Alan’s current tutoring subjects are listed at the left. You
can read more about
Alan’s qualifications in specific subjects below.
The ACT tests probe your general math skills with a series of multiple choice questions. Generally there's enough given data concerning each problem so that you can solve them readily if you write them down to see the relationships. No complicated equations or the knowledge of a difficult theorem is really needed. Just common sense and an ability to visualize the problem and read through the logic. But beware - this a timed test - meaning 'don't spend too much time on one problem'. work through the ones that seem the easiest then go back and work the harder ones'. By working them you can at least make an educated guess rather than spending more time trying to come up with the answer that agrees with the choices.
Algebra 1 (first year) introduces to students the concepts of manipulating math variables, i.e. unknown quantities with which we set up equations to find (solve) them. In doing this students are learn the use of arithmetic operations to solve equations in algebra. Students are exposed to formulas and also how to convert or manipulate formulas to solve for specific values. Algebraic expressions are basic to the course as well as techniques to manipulate, simplify and evaluate them. These concepts and others carry over into all the levels of higher mathematics of which the first two years of algebra are a prerequisite. I coach all these aspects of the subject with students to teach and build up their confidence.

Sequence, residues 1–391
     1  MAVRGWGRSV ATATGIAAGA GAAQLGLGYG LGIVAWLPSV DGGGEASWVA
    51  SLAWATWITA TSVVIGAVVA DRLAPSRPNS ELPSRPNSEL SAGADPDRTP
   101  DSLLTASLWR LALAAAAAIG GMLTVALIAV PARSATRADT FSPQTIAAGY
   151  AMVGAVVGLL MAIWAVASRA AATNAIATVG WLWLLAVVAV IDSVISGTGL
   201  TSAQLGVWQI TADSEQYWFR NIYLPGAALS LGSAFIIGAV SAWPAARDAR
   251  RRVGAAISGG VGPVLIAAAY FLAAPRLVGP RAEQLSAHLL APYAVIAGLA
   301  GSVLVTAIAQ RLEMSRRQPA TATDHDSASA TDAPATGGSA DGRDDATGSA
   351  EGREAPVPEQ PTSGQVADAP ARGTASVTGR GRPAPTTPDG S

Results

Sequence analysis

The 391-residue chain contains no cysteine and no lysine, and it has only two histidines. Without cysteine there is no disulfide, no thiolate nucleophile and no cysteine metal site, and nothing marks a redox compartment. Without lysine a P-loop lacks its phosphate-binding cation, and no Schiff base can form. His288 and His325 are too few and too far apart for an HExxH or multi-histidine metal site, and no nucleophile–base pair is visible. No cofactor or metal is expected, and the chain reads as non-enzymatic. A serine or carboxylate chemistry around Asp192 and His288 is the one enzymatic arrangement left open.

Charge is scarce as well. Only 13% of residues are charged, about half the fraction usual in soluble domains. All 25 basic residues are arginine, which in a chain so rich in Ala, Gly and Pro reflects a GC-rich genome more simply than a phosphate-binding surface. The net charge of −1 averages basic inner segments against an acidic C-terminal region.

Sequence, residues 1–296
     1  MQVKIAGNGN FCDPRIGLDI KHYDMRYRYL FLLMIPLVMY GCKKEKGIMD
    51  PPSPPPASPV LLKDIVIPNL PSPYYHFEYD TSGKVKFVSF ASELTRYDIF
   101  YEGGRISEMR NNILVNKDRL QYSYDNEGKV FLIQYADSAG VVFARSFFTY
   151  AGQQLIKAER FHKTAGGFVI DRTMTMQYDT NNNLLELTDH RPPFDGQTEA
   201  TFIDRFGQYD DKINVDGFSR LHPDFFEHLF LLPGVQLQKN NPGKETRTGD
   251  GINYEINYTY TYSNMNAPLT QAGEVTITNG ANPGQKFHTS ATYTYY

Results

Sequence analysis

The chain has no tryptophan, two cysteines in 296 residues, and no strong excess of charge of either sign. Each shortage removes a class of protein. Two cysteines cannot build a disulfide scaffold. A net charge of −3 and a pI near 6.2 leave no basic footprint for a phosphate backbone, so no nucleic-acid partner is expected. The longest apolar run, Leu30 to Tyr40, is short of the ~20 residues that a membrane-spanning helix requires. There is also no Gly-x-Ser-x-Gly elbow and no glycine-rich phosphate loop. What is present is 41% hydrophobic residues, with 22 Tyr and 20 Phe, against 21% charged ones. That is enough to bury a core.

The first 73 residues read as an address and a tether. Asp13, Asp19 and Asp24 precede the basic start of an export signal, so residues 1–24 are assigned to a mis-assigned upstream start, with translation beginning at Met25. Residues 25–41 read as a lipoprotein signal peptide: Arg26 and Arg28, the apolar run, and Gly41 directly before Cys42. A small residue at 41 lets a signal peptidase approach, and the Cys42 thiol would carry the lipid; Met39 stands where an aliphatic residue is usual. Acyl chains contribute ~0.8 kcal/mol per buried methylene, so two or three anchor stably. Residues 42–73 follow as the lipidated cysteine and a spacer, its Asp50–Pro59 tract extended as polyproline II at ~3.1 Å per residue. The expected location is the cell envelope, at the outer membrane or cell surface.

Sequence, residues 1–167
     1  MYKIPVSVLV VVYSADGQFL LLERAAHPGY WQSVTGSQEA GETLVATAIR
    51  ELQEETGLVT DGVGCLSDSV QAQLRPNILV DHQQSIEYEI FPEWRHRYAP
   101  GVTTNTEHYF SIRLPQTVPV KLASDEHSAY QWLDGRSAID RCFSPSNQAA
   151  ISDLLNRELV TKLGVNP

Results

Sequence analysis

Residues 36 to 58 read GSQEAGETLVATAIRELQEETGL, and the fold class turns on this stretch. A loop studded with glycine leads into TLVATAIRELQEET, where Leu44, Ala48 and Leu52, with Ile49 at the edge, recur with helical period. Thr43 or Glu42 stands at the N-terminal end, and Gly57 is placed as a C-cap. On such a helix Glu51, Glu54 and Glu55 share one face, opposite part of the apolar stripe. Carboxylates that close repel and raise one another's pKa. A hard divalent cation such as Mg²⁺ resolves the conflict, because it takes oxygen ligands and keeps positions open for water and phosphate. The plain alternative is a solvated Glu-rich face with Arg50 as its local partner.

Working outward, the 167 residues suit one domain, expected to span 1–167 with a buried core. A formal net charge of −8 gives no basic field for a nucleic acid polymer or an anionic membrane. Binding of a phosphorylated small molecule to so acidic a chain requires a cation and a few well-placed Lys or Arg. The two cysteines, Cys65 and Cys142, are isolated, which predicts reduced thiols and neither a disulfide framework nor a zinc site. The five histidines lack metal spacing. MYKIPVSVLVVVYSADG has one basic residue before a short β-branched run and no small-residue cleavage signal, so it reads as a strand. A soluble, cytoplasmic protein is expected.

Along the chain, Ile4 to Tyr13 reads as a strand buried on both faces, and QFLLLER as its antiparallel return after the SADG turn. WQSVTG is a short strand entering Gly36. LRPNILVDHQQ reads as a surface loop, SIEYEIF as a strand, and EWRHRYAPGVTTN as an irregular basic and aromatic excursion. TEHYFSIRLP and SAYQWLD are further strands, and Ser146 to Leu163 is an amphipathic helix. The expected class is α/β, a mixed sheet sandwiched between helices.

Algebra 2 in comparison to algebra 1 presents wider mathematical inferences and implications of the basic theories of Algebra - that's why you need Algebra 1 completed first as it is the foundation that Algebra 2 builds on. Concepts such as exponential and logarithmic functions, matrices, and the fundamentals of trigonometry are explored, hence even basic geometry should be considered a prerequisite. Equations of higher order are solved both analytically and graphically such as for example parabolic, elliptical and hyperbolic types and investigated to determine if they have a solution at all. Synthetic division is also introduced. It's a lot and the subject is broad - but you do a bit at a time - working both the examples, assigned problems and practice test problems is the best method to obtain success - mastery even!